From ArchWiki
Revision as of 22:18, 14 February 2013 by Chionsas (talk | contribs) (pam_fprint_enroll became fprintd-enroll and fingerprints are stored in /var/lib/fprint/)
Jump to navigation Jump to search

Tango-view-refresh-red.pngThis article or section is out of date.Tango-view-refresh-red.png

Reason: Fprint is now in Extra repository, names of some commands are changed. (Discuss in Talk:Fprint#)

From Pam fprint - fprint project:

pam_fprint is a simple PAM module which uses libfprint's fingerprint processing and verification functionality for authentication. In other words, instead of seeing a password prompt, you're asked to scan your fingerprint.

The idea is to use the built-in fingerprint reader in some notebooks for login using PAM. This article will also explain how to use regular password for backup login method (solely fingerprint scanner is not recommended due to numerous reasons).


First, make sure you have one of the supported finger scanners. You can check if your device is supported by checking this list of supported devices. To check which one you have, type

# lsusb

You need to install pam and the fprint group.

# pacman -S pam fprint


Some dependencies:

# pacman -S libusb imagemagick

Once you made sure your reader is supported, you are good to go.



By default, only root has access to the device. You can create a signature from sudo, but then you can only use it for root user. The following solution from the Ubuntu forums may work for some people.

1. If the group plugdev doesn't exist, create it

# groupadd plugdev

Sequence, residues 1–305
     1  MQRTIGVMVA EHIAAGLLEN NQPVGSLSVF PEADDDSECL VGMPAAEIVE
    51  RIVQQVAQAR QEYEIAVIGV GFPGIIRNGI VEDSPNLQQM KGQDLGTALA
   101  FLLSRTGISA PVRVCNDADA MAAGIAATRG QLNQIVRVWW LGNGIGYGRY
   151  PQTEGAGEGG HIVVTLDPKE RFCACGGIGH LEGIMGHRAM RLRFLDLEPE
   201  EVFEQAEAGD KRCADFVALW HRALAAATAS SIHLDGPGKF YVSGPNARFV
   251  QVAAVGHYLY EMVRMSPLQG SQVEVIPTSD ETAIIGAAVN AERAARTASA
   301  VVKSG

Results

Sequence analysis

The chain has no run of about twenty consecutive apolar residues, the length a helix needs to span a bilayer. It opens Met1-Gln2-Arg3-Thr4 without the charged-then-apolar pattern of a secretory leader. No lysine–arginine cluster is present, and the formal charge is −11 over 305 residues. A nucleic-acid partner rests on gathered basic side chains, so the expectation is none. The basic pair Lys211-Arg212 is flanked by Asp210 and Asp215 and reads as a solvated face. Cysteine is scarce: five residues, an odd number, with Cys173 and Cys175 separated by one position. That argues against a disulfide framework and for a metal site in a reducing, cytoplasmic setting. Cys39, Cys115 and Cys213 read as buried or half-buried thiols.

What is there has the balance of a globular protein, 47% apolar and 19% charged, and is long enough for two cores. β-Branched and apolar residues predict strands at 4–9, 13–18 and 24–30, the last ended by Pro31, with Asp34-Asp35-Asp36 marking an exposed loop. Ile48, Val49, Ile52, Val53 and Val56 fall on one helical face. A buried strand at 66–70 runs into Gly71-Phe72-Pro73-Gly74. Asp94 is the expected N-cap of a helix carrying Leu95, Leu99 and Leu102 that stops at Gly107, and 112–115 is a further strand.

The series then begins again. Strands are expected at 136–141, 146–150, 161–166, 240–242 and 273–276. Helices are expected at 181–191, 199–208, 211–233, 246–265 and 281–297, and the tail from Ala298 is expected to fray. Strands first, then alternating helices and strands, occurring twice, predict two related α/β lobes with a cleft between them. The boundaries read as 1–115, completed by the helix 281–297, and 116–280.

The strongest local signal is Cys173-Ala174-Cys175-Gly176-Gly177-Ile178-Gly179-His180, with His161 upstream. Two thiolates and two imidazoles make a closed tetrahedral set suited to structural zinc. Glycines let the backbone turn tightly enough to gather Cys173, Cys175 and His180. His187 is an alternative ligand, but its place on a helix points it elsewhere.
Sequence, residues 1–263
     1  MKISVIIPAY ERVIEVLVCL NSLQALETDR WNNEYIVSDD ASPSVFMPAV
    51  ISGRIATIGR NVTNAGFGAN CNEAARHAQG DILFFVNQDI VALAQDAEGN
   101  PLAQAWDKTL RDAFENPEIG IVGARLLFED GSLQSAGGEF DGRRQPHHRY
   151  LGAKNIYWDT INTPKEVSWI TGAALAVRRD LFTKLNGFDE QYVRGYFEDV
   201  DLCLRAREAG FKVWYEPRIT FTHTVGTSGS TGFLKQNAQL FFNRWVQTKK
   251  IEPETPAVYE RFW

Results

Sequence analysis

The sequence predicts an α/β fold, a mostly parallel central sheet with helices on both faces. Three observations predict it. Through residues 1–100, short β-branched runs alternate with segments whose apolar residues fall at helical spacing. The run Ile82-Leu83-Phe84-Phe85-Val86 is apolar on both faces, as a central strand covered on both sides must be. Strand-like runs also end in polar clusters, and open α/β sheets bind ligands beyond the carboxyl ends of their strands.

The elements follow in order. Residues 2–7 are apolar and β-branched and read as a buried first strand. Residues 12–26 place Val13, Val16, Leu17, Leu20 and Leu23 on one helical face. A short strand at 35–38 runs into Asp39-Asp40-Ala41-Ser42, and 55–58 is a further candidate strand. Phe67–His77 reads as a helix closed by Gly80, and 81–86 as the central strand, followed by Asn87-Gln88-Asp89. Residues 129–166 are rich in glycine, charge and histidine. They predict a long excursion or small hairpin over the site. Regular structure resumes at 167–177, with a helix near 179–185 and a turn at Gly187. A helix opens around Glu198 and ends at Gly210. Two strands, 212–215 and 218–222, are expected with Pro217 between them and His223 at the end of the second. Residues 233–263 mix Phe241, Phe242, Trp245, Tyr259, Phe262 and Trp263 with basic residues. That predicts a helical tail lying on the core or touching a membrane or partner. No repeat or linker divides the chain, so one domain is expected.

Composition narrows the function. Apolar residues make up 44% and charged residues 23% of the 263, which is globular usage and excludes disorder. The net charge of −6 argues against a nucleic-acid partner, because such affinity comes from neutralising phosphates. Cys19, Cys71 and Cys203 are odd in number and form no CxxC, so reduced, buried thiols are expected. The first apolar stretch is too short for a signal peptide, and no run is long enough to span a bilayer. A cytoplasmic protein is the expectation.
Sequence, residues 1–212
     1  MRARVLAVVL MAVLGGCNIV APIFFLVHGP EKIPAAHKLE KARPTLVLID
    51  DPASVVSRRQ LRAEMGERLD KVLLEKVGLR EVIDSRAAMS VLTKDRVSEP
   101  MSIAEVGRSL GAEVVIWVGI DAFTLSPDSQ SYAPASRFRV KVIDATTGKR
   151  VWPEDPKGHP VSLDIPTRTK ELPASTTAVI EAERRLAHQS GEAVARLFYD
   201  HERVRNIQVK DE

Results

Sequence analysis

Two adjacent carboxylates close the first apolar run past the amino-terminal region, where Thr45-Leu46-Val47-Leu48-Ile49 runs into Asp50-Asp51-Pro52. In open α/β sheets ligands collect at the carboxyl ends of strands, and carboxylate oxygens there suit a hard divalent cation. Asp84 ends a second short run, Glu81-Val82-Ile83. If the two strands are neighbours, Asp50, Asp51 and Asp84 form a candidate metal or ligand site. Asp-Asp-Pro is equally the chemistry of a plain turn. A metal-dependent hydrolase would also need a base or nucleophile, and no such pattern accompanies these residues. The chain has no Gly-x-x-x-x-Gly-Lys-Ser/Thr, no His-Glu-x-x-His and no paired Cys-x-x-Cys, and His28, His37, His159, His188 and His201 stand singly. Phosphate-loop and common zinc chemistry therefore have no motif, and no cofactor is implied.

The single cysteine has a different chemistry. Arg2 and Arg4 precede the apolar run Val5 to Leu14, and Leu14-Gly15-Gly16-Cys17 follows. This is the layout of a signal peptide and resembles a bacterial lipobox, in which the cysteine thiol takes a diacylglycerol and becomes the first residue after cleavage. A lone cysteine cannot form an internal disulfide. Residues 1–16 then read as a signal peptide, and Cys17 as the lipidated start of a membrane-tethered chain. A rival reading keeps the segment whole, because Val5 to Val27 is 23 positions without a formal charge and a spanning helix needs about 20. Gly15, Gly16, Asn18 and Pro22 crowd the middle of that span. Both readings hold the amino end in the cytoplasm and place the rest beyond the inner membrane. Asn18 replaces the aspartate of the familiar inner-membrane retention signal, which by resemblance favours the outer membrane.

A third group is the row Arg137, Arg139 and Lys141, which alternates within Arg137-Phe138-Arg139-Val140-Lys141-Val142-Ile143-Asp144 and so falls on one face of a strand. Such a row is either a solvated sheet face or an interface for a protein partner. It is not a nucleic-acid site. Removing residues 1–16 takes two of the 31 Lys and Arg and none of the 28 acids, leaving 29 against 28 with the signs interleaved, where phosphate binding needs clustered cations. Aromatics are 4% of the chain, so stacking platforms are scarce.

2. Add yourself to the group

# gpasswd -a USER plugdev

3. Allow USB access

# chgrp -R plugdev /dev/bus/usb/

Login configuration

Modify the auth section of /etc/pam.d/login to this

auth       required pam_env.so
auth       sufficient   pam_fprintd.so
auth       sufficient   pam_unix.so try_first_pass likeauth nullok
auth       required pam_deny.so

This tries to use fingerprint login first, and if if fails or if it finds no fingerprint signatures in the give user's home directory, it proceeds to password login.

You can also modify other files in /etc/pam.d/ using the same method, for example /etc/pam.d/gdm for GNOME's fingerprint login or /etc/pam.d/polkit-1 for GNOME PolicyKit Authentication.

Create fingeprint signature

Now you should be able to run the program under a normal user. To see the usage, run

$ man fprintd

Chose one of the fingers and run

$ fprintd-enroll

You will be asked to scan the given finger 3 times. After that, the signature is created in /var/lib/fprint/.

Setup fingerprint-gui

An alternate fingerprint reader gui. This works with libfprint-unstable which has support for the new Upeksonly readers, such as, the new Thinkpad W510 T510 T410 T420 Upeksonly reader with USB ID 147e:2016



Install a dependency:

$ pacman -S libfakekey

Install fingerprint-gui from AUR

$ yaourt -S fingerprint-gui

Please make sure your user is a member of "plugdev" and "scanner" group if you use UPEK non-free library. You may also have to log out and back in for these changes to take effect.

# gpasswd -a USER plugdev
# gpasswd -a USER scanner

fingerprint-polkit-agent conflicts with files in /etc/xdg/autostart that must be removed:

"polkit-gnome-authentication-agent-1.desktop" and

Edit your PAM configuration (e.g., /etc/pam.d/{login,su,sudo,gdm}).

Change the auth section to read

auth       required pam_env.so
auth       sufficient   pam_fingerprint-gui.so
auth       sufficient   pam_unix.so try_first_pass likeauth nullok
auth       required pam_deny.so

Add this to your ~/.bashrc file if you get an error saying that it can't connect to X desktop.

xhost + &>

Now run fingerprint-gui and register fingerprints for the current user. You will need to run fingerprint-gui and register fingerprints as all users you want to use the fingerprint reader, i.e. as root to use it for "su" login.